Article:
Though it is not our right to claim that the poets represented in the following portfolio would have remained in dark unfathomed caves of ocean had it not been for The Paris Review, surely all are among those writers whom this magazine has helped make known. For this occasion we invited new work from them. All have made substantial contributions to two or several issues in the past; all seemed to us of a generation that has matured along with this magazine: a generation for the most part younger than that of John Heath-Stubbs or Robert Lowell.
Aisha Sabatini Sloan
Episode 22: “Form and Formlessness”
In an essay specially commissioned for the podcast, Aisha Sabatini Sloan describes rambling around Paris with her father, Lester Sloan, a longtime staff photographer for Newsweek, and a glamorous woman who befriends them. In an excerpt from The Art of Fiction no. 246, Rachel Cusk and Sheila Heti discuss how writing her first novel helped Cusk discover her “shape or identity or essence.” Next, Allan Gurganus’s reading of his story “It Had Wings,” about an arthritic woman who finds a fallen angel in her backyard, is interspersed with a version of the story rendered as a one-woman opera by the composer Bruce Saylor. The episode closes with “Dear Someone,” a poem by Deborah Landau.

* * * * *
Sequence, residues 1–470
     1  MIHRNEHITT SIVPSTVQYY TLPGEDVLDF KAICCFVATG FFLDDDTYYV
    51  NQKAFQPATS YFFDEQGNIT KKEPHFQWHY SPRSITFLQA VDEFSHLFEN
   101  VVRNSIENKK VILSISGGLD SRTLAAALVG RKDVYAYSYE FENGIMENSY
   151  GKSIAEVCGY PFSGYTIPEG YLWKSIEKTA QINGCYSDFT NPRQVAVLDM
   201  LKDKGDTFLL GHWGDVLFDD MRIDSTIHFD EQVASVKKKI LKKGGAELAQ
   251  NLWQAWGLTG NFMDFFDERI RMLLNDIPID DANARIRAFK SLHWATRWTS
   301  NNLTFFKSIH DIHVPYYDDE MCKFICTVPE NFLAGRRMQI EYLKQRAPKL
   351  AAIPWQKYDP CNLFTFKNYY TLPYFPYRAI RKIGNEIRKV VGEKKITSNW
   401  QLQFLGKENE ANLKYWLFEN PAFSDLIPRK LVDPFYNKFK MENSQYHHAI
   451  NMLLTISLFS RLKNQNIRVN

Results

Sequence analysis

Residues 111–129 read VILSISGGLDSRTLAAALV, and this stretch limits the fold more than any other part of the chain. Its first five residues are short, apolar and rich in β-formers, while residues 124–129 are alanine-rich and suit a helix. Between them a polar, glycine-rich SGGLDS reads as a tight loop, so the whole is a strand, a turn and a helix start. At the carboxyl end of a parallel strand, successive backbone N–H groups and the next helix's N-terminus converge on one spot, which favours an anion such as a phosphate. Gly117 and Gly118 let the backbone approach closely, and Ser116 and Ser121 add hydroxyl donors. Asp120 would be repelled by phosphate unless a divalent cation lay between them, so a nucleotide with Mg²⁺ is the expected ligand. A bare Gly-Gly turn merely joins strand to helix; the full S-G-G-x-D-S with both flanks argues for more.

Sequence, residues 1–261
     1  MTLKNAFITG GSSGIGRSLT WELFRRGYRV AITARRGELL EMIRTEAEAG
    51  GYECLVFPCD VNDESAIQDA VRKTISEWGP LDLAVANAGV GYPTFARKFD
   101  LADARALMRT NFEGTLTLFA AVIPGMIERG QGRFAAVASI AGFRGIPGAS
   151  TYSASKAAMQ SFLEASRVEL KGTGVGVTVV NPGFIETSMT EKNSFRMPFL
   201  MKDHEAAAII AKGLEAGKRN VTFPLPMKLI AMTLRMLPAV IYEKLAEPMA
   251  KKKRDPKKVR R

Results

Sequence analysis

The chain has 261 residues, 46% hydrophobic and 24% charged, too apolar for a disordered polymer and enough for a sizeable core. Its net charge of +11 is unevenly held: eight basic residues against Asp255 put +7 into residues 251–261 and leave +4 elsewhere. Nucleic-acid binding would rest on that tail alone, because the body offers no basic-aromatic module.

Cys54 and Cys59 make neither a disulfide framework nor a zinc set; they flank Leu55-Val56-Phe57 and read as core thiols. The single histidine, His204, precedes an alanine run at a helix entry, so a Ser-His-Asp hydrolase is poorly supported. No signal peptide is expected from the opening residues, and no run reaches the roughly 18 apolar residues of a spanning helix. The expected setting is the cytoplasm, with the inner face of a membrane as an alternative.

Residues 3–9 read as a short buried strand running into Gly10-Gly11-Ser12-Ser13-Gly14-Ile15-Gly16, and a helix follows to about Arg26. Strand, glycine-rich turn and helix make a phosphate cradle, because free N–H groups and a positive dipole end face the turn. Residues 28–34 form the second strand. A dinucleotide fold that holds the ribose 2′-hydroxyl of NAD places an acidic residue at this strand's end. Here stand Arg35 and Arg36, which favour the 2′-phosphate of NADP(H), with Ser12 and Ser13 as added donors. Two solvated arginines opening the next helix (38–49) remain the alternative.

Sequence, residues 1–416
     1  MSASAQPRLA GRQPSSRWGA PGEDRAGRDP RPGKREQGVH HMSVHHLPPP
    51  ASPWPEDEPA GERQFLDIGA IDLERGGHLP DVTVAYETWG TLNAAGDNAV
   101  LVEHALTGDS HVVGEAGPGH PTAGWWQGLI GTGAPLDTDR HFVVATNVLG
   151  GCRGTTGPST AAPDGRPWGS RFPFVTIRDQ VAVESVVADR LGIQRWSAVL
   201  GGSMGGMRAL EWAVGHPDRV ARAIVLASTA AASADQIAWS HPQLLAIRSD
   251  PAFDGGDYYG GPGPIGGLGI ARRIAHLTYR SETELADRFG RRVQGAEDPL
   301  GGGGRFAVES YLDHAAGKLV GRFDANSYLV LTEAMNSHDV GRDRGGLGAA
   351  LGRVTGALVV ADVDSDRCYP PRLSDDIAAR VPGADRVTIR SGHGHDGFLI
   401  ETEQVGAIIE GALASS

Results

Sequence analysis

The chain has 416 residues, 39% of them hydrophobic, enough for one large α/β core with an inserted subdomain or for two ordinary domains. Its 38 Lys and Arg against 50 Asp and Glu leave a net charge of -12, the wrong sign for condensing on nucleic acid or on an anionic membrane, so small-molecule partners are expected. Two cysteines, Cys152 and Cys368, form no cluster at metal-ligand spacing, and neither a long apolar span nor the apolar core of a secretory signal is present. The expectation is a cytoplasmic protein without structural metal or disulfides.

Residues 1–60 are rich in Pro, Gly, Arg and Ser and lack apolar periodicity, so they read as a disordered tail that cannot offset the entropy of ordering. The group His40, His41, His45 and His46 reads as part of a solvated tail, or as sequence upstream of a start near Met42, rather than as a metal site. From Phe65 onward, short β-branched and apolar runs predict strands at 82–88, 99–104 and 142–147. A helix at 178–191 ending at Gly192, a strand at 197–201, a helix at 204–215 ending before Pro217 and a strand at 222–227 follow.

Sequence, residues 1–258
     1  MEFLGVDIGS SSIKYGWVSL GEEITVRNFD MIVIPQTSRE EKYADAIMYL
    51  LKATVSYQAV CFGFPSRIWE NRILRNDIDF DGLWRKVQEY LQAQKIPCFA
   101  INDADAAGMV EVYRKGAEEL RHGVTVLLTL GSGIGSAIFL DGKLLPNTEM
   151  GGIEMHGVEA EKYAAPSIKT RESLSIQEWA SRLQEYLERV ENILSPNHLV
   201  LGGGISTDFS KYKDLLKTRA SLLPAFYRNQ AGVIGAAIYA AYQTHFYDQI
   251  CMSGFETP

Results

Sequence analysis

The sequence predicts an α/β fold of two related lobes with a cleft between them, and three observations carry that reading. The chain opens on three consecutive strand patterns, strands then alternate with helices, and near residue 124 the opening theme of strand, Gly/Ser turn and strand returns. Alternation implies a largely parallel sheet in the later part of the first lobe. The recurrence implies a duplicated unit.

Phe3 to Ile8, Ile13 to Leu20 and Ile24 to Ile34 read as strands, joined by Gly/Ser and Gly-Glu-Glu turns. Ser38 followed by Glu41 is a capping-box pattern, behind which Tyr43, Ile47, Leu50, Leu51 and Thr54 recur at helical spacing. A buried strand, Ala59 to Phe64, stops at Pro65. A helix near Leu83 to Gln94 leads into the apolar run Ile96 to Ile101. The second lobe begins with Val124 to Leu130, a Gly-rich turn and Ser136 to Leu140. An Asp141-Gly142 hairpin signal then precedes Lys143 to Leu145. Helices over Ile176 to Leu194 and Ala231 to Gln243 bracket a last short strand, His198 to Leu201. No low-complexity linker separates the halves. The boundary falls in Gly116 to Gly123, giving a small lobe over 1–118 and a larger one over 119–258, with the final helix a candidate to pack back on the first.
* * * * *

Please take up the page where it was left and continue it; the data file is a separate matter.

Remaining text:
Rachel Cusk photo courtesy the author.
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